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Animal attack evidence lands at Florida forensics facility

Evidence in the animal attack that killed a Pantego woman is getting fresh look.

According to Beaufort County Manager Brian Alligood, the forensic evidence collected after an unknown animal attacked 77-year-old Brenda Hamilton was sent to the William R. Maples Center for Forensic Medicine at the University of Florida in June.

“They are currently running diagnostics on it,” Alligood said.

The Maples Center investigation is the third attempt to determine what kind of animal was responsible for the attack. Previously, evidence was analyzed by Western Carolina University biologists and by Microtrace LLC, an independent laboratory specializing in forensic investigations. With minimal physical evidence, neither facility was able pinpoint whether a wild or domesticated animal was responsible.

According to Beaufort County Sheriff’s Office Lt. Jim VanLandingham, the evidence, Western Carolina’s lab report, Microtrace’s 139-page report and a synopsis of the case was sent to Maples Center DNA analyst Ginger Clark.

“(An) email from her on (June 12) states she has started DNA extraction on the nutria, and a forensic pathologist will also take a look at the nutria. I gave her latitude to test whatever she believes would lead to a resolution,” VanLandingham wrote in an update to the county.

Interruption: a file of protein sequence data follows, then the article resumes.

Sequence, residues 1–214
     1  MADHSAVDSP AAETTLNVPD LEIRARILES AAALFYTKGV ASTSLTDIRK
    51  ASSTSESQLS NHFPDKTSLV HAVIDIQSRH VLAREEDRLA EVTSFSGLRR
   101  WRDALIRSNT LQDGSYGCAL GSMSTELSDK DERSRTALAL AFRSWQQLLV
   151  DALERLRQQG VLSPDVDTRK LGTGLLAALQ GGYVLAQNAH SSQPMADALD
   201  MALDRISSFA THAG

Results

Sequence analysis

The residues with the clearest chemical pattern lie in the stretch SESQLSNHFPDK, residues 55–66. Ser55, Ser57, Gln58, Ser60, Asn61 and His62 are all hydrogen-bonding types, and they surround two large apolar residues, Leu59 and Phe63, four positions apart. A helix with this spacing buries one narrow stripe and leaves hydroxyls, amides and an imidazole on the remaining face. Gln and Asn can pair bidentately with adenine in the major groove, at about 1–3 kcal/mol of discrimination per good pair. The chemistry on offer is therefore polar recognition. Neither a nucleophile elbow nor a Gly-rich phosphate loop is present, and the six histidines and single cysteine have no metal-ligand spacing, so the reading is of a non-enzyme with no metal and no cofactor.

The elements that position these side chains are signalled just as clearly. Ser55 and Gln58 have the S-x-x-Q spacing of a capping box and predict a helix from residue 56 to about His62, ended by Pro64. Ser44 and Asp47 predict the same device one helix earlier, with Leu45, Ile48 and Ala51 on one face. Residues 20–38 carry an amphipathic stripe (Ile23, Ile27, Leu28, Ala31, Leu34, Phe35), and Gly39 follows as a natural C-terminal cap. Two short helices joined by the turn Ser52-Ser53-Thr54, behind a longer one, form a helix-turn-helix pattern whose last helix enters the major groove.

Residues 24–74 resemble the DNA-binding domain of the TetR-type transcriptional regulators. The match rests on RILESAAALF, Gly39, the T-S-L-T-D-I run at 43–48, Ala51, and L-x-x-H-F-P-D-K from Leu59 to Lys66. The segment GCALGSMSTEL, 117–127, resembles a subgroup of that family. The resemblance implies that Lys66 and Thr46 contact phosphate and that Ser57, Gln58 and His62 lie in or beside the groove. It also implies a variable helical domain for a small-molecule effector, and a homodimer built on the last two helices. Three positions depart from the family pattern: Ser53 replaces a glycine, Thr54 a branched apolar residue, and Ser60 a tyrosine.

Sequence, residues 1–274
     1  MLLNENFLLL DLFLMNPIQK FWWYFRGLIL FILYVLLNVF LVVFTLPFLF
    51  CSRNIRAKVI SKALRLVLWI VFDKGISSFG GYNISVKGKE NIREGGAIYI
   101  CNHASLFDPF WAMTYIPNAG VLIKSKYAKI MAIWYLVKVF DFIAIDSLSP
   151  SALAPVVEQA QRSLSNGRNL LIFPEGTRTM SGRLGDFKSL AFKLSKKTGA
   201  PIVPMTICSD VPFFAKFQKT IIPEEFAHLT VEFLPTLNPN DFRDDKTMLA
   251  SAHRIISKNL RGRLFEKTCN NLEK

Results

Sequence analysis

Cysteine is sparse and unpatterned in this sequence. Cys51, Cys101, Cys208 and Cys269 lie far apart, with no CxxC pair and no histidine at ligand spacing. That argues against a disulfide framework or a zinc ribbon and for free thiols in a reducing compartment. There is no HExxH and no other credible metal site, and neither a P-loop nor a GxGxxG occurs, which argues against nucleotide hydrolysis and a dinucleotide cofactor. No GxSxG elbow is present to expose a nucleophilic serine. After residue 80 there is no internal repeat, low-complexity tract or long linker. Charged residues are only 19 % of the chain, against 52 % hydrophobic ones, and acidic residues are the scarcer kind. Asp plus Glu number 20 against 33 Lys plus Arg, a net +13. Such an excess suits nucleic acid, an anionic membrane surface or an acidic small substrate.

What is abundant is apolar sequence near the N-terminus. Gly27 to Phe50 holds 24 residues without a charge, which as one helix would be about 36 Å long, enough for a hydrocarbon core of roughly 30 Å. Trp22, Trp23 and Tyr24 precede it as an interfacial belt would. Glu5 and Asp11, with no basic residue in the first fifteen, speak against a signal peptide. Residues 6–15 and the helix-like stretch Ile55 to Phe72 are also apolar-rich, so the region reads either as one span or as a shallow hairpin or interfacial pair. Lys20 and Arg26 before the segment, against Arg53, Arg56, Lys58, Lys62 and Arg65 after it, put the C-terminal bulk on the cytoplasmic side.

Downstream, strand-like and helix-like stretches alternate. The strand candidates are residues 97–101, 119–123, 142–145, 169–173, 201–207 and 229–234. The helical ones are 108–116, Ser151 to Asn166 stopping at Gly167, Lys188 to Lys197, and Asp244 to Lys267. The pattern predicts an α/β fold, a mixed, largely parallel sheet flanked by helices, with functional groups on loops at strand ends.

A dead nutria was one of few pieces of physical evidence found after the attack that took place near the Hamilton home in Pantego in the early morning of Feb. 15, 2019. Hamilton was found by neighbors immersed to the shoulders in water in a ditch, and most evidence was lost to the water, according to officials. The longtime Pungo Christian Academy teacher died at Vidant Medical Center three days after the attack.

Since, the case has remained a mystery: the two dogs who alerted their owners — the neighbors who found Hamilton — would often accompany Hamilton on her morning walks and were ruled “not dangerous” after quarantine, yet the lack of physical evidence cannot rule them out completely. Speculation of what animal was responsible, based on the severity of the attack, has run to coyote, wolf, hybrids of the two, bear and big cat, such as a panther, though North Carolina Wildlife Resources Commission says panthers do not exist in eastern North Carolina. So far, no evidence has been identified to support the theory that a wild animal was responsible, either.